Buckeye blitz: Abortion shapes Ohio politics months after voters guarantee access – Washington Examiner

The presidential primary season may be over with President Joe Biden and former President Donald Trump heading for a rematch, but several down-ballot races are up for grabs that will determine control of Congress. Ohio’s primary on Tuesday decided which Republican will take on Democratic incumbent Sen. Sherrod Brown in November, as well as congressional contests key to the GOP House majority. This series, Buckeye Blitz, will examine the politics behind the races and the issues that will drive 2024 turnout. Part Four, below, looks at how the politics of abortion will carry into the 2024 cycle despite a ballot measure that enshrined access to the procedure.

COLUMBUS, Ohio — Ohio voters ended a bitter fight over abortion last year when they resoundingly approved a ballot measure guaranteeing access in the state constitution.

But the prospect of a national ban plus a lingering battle over how to implement the language have kept the political flashpoint alive heading into an election that will decide the partisan makeup of the state Supreme Court and even control of the U.S. Senate.

Republicans are eager to move past a stinging defeat in which 57% of Ohio voters supported the ballot measure, known as Issue 1, in a special election that saw tens of millions pour into the state. The GOP-led legislature attempted to set a 60% floor to change the constitution, seen as a last-minute bid to block the abortion measure, but that initiative failed by the same margin.

It was a rare political loss for Republicans, who control all levers of power in Columbus, and reflected the enduring potency of abortion months after the Supreme Court overturned Roe v. Wade. The issue was central to Democrat Emilia Sykes winning a House seat in one of the only swing districts in Ohio in 2022. Democrats had similar success campaigning on abortion in battlegrounds across the country.

The upside of defeat, Republicans hope, is the ballot measure will blunt voter anxiety that a right available for five decades will suddenly be taken away. Alex Triantafilou, chairman of the Ohio GOP, says his party can win on abortion if the candidates running show compassion and sensitivity but that it’s “settled law” as a political matter in Ohio.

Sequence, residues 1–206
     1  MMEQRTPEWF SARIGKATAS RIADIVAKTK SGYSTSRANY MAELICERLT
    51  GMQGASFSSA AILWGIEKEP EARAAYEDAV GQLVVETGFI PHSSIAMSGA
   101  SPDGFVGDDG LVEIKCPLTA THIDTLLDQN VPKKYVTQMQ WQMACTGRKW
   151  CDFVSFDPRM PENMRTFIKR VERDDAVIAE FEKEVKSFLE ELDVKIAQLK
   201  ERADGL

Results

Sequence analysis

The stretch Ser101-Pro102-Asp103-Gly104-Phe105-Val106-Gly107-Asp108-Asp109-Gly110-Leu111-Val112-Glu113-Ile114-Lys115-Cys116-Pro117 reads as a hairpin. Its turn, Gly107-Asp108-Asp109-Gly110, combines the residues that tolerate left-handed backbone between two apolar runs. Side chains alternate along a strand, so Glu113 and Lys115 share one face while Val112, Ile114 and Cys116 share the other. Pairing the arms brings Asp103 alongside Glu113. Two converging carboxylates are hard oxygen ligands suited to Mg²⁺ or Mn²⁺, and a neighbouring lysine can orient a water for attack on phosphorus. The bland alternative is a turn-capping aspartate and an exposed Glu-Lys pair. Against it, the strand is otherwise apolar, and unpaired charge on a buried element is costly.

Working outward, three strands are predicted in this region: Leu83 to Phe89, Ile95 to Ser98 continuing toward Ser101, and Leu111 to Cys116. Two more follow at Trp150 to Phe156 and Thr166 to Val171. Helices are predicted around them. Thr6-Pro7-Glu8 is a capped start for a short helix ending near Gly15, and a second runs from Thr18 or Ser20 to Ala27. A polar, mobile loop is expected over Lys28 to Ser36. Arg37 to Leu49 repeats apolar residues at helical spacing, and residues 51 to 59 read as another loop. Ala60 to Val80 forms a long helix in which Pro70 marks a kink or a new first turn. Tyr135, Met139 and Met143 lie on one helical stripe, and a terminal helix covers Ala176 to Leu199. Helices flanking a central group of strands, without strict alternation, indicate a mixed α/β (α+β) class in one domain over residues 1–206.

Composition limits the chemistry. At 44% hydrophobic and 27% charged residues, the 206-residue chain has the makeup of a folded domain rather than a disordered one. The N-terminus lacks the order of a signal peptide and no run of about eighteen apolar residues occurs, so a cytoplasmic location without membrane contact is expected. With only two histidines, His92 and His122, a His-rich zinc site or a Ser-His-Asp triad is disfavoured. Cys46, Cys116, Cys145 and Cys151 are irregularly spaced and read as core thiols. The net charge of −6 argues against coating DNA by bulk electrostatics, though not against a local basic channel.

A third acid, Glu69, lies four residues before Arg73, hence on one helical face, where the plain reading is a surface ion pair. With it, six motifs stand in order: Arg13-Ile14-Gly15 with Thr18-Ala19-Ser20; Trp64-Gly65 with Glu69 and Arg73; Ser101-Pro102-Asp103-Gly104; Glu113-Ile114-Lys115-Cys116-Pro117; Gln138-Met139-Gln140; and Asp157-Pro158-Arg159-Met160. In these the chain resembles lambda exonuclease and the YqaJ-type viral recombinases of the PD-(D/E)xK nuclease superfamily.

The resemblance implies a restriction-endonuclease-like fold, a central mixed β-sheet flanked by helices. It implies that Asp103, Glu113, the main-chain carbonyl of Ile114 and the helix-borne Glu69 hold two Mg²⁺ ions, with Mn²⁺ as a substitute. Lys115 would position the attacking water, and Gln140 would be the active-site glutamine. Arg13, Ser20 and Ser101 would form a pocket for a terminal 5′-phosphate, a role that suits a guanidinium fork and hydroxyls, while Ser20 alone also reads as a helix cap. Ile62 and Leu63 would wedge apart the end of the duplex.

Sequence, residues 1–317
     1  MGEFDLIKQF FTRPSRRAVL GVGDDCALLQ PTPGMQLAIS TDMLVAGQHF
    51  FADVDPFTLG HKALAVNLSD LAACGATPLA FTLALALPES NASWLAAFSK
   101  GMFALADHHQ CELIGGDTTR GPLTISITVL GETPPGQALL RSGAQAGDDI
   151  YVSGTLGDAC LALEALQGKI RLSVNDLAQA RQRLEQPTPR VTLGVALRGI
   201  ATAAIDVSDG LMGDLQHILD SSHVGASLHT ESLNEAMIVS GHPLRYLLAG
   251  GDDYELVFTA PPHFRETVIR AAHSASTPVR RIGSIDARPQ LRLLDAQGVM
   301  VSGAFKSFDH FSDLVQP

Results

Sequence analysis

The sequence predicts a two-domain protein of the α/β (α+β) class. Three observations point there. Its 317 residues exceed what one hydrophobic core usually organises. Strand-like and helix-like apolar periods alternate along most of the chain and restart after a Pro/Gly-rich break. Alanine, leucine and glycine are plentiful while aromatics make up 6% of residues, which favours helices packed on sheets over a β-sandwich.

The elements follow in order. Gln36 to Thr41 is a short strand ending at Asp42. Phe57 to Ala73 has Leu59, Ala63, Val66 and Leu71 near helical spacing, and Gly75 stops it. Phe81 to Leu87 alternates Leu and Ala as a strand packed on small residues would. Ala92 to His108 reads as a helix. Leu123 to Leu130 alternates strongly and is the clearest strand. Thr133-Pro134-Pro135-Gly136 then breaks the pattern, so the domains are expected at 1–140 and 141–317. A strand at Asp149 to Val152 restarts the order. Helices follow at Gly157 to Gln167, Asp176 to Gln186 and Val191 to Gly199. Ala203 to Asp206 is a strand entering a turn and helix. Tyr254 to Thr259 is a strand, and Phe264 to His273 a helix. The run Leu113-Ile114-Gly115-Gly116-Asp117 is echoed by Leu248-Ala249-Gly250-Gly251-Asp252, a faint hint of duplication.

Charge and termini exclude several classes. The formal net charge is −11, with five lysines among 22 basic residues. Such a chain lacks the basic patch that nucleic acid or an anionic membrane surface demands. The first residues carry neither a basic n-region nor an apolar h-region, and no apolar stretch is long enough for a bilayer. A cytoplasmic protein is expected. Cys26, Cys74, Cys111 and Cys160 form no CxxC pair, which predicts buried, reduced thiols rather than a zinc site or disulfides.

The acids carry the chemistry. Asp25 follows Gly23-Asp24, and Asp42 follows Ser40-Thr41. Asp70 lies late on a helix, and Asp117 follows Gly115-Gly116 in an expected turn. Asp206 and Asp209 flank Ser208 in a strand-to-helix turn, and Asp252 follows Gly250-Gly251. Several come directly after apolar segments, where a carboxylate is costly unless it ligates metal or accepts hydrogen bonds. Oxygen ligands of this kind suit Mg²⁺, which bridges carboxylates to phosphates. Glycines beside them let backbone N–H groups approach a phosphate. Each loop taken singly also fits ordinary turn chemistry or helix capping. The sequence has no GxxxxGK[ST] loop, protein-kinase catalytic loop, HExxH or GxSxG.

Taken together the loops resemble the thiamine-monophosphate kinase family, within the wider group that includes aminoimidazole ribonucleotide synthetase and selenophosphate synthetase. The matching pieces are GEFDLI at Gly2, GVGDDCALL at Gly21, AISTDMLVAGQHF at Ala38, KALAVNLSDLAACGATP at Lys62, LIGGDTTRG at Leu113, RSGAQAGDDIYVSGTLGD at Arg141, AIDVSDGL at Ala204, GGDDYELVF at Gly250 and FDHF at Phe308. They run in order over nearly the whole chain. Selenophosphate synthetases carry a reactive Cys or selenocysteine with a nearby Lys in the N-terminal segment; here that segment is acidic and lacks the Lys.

“Ohio passed this, and we’re respecting the will of the voters here in this state,” he said.

Yet Republicans, in Ohio and beyond, are grappling with a fresh question that has opened them up to further Democratic attacks. Roe returned the issue to the states, but the idea of a federal ban has gained traction in the GOP.

Entrepreneur Bernie Moreno, who won the GOP primary to challenge Sen. Sherrod Brown (D-OH) in the fall on Tuesday, is one of those Republicans. He supports a 15-week ban with exceptions for the life of the mother, rape, and incest.

Republicans frame the restriction as commonsense, citing how European countries impose similar bans. “It is far from a radical position. In fact, it’s a position opposing late-term abortion that I would argue most people probably agree with,” said one Moreno adviser.

But it has created a new front in the fight over abortion that keeps the issue in play for another cycle. One Ohio Democratic strategist with experience in Senate races said abortion would be a “huge issue,” while limits on in vitro fertilization present another possible wedge, even as Republicans dismiss it as a fake political issue.

“I think Republicans are saying that it’s settled because they’re not dumb and they desperately don’t want it to be part of the discourse, but there’s no way it won’t be,” the strategist, who requested anonymity to speak freely, said.

Democrats would have made abortion central to their messaging no matter who emerged out of the Senate primary — state Sen. Matt Dolan shied away from but did not rule out support for a federal ban — but Moreno’s unequivocal stance gives them the contrast they were hoping for.

The Democratic Senatorial Campaign Committee welcomed him to the general election with an ad stating Moreno would “overrule Ohio voters to pass a national abortion ban.”

Republicans downplay the notion that abortion is an electoral threat. The common rebuttal is that issue campaigns are completely different than candidate campaigns. Issue 1 may have attracted broad support, including a fifth of Republican voters, but Triantafilou expects abortion will be subordinated to a larger issue set that includes the economy and immigration. 

Ultimately, the dynamic at the top of the ticket will prove decisive, he suggested, in a state President Joe Biden lost by 8 points in 2020.

“Look, the Democrats are going to want to talk about this. They think they have a winner, but they’re wrong,” Triantafilou said of abortion. “In Ohio, Joe Biden made a mess of things, and everybody here knows it.”

The Senate race, which could decide which party controls the upper chamber next year, is not the only battleground where the politics of abortion will play out. Democrats see an opportunity to flip the state Supreme Court, which is expected to shape how Issue 1 will be implemented. 

Democrats are sober in their prospects for success. Their candidates would have to sweep three seats to erase a Republican majority that has endured for almost four decades.


But a pitched battle for control of the Supreme Court in another state, Wisconsin, has fueled hope that abortion could prove decisive in court races, too. The Democratic candidate won after abortion rights groups made the race about access in November.

“While the voters spoke on it last year, they’re going to continue to hear and understand what’s at stake here,” Jeff Rusnak, a Democratic strategist in Ohio, said of Issue 1. “Whether it’s in the Ohio Supreme Court, or in other cases, this issue is not going away.”